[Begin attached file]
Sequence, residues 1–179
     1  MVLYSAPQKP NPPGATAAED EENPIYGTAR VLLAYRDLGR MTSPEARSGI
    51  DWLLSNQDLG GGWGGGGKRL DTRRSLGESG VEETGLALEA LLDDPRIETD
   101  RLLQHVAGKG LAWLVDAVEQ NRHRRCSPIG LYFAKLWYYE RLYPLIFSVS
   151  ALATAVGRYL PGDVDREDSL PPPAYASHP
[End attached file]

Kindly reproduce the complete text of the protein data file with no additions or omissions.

Sequence, residues 1–179
     1  MVLYSAPQKP NPPGATAAED EENPIYGTAR VLLAYRDLGR MTSPEARSGI
    51  DWLLSNQDLG GGWGGGGKRL DTRRSLGESG VEETGLALEA LLDDPRIETD
   101  RLLQHVAGKG LAWLVDAVEQ NRHRRCSPIG LYFAKLWYYE RLYPLIFSVS
   151  ALATAVGRYL PGDVDREDSL PPPAYASHP